If Dating is a Numbers Game, the House Always Wins
Used to be, “courting distance” was how far a man could comfortably ride a horse, spend a little time visiting, and return home all in one day. It was about 12 miles, and boy howdy did that limit the dating pool — not to mention the gene pool. It made life pretty easy for matchmakers, though. Today, courting distance is throw-a-dart-at-the-globe… but are we better off with this paradox of choice? Who bothers to invest in a budding relationship when there’s always another one where that came from, and our electronic matchmakers remind us of that every day. “There’s plenty of fish in the sea,” say Tinder and Bumble and Hinge and, duh, Plenty of Fish.
But there’s a catch. It is not in the best interest of these electronic marvels of matchmaking to actually match you with anyone. As much as they claim to love love and want nothing more than to find you the love you seek, there is ample evidence that they are actually using their advanced algorithms to keep you single. After all, as soon as you find your true love, you will stop using their services. The apps cannot actually give you the very thing they are selling.
I believe economists call it a “perverse incentive.” I call it bullshit.
“People forget it’s an industry,” says tech reporter Lakshmi Rengarajan. “They know who’s behind Netflix or Amazon or Facebook, but they have no idea who’s behind Match.” Which, by the way, also owns Tinder, Hinge, OkCupid, The League, Plenty of Fish, and whatever it is you’re surreptitiously swiping as you skim this essay. (Spoiler alert: It’s Barry Diller. The Match Group is the brainchild of the octogenarian media mogul who also invented the made-for-TV movie and launched the Fox network.)
Rengarajan and Sangeeta Singh Kurtz are co-hosts of Dating Games, the latest season from the techie podcast Land of the Giants. It’s a deep dive into the genesis, the business and the general dystopia of dating apps.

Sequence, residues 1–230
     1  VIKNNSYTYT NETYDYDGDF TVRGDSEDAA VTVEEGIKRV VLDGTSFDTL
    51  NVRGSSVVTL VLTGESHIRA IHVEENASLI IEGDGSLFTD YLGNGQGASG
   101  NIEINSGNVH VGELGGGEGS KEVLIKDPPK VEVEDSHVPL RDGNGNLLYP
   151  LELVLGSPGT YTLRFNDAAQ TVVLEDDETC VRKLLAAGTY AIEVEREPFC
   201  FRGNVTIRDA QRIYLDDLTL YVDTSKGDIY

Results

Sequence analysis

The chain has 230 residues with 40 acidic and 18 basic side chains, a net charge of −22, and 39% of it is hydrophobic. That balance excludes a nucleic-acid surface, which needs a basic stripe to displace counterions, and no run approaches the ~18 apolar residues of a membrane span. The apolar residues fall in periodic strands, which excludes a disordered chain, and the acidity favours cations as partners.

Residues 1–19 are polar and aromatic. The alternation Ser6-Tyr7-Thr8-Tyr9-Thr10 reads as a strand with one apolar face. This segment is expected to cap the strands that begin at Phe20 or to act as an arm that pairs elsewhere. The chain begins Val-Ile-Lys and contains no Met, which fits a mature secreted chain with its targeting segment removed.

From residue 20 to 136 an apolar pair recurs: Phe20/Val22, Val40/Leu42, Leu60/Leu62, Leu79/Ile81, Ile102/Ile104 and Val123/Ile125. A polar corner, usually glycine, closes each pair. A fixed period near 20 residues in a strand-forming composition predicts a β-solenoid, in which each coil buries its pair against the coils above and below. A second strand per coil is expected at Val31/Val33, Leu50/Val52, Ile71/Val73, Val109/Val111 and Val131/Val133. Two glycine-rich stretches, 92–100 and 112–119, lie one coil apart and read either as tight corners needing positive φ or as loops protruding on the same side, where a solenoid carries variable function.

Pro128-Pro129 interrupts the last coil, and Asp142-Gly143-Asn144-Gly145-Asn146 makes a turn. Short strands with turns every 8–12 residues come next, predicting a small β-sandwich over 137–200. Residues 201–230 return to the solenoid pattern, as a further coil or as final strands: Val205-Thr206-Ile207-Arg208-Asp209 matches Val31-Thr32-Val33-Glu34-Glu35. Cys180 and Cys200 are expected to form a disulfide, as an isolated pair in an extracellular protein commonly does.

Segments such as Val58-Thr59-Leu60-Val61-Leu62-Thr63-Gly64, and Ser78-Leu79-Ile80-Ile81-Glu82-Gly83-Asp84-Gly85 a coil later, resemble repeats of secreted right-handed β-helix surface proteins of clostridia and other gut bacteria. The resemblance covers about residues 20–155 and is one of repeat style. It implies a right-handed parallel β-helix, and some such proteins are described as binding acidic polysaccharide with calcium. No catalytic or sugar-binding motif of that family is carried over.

And “Games” in an appropriate handle, as dating apps were designed from the gate to resemble casino games, and with the same goal: They want to keep you there as long as possible to extract as much money from you as possible. Only instead of bribing you with free cocktail service and seafood buffets, they tempt you with the promise of everlasting love.
Of course, these slot machines can’t actually give you everlasting love, because that would cause you to immediately exit the casino. So they do everything in their algorithmic power to serve you Mr. or Ms. Not-Quite-Right, to persuade you that Mr. or Ms. Right is behind the next curtain. Just keep swiping!
Here’s the thing: Mr. or Ms. Right could well be behind the curtain somewhere. Probably is. In 2023, just about every unpartnered (and plenty of partnered) people are on the apps. But the app has zero incentive to open the curtain. Its goal is to keep zapping you with the dopamine hit of expectation, over and over and over again. Because mammals will chase dopamine hits until they die. Ask any lab rat.
The apps are programmed to give us almost what we want, but not quite. They are designed to tantalize you. It is frustration on a mythic scale. Literally. Where do you think the word “tantalize” comes from? The current psych jargon for this phenomenon is the “ludic loop,” although the idea of “intermittent reward” has been around since before BF Skinner did his experiments with the actual lever-pressing lab rats.
As media analyst Jon Favreau put it, “You may go into the dating app thinking ‘I want to find someone,’ but the act of being on the app and swiping itself becomes an entertainment experience.” The average Bumble user spends 90 minutes a day on the app. Astonishing. I would shoot myself after spending 90 minutes on Bumble, period - although I do find it entertaining. Look at all the pictures of men holding up a fish!
I don’t get it. Do they think I will pick the man with the biggest fish? Is this a dick metaphor, or do I look hungry?